- The Washington Times - Friday, March 13, 2009



Contrary to what former Democratic National Committee Chairman Howard Dean says (“Dean warns GOP on Obama health plan,” Page 1, Tuesday), President Obama’s plan for health care reform will not be “perfect” unless it addresses the needs of the million Americans who seek emergency care each year. The president’s plan does not even address America’s struggling emergency departments.

We cannot have a complete conversation about health care reform without focusing on the need to shore up emergency departments across this country. They are vastly overcrowded and have provided too few mandates and too few resources. The problem is only getting worse as this economic crisis deepens.

The number of emergency visits had increased by 32 percent (from 90.3 million up to 119.2 million) between 1996 and 2006, while the number of emergency departments had decreased by 5 percent, leaving fewer emergency departments left to serve a larger volume of patients. This lack of resources contributes to overcrowding and threatens access to life-saving emergency care for everyone - insured and uninsured.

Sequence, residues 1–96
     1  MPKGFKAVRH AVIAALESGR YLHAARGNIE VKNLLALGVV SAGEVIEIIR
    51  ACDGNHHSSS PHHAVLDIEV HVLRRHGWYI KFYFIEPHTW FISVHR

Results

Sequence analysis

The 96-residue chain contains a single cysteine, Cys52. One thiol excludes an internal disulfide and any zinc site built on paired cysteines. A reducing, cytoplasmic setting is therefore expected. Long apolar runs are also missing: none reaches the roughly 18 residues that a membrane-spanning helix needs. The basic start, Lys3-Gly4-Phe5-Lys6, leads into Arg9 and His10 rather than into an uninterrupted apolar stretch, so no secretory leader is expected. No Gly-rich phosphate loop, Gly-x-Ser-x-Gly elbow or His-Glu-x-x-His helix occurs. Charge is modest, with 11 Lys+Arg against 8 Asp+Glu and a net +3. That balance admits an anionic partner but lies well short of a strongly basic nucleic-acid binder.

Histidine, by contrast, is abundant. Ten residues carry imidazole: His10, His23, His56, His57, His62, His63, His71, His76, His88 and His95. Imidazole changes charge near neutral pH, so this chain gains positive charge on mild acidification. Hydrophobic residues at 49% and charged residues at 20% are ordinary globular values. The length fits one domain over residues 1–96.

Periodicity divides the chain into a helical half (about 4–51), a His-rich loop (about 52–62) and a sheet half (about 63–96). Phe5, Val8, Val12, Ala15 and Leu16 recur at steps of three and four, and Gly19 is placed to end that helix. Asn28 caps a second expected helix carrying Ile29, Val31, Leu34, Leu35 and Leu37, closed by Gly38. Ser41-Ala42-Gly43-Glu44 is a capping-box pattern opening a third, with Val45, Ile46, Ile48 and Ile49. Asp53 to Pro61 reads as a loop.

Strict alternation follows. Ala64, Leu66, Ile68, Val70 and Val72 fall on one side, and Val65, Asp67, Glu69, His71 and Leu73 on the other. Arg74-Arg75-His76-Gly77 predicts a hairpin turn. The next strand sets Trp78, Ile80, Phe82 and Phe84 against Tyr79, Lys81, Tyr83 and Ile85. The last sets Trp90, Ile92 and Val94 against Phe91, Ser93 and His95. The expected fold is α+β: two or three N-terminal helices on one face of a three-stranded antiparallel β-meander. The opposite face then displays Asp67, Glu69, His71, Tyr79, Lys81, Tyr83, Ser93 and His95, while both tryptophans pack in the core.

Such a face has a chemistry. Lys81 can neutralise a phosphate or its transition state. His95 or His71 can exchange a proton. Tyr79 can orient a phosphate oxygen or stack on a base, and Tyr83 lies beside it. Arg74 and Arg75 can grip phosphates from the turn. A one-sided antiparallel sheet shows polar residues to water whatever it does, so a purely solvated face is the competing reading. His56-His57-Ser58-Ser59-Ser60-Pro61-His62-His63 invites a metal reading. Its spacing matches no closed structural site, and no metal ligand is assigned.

Emergency departments are the safety net of the nation’s health care system. That is even more evident now during this struggling economy. When people lose their jobs and their health insurance, they rely on the emergency department because they know they won’t be turned away, which happens today at other health-care facilities.

We urge Mr. Obama and Congress not to turn their backs on emergency patients. We also urge Congress to hold hearings on the state of emergency medicine. Unless the government takes action, more emergency departments will close, and with America’s growing elderly population, many patients may not be able to get the care they need and deserve - and that very easily could be you or your own family.



American College of Emergency Physicians

Chagrin Falls, Ohio

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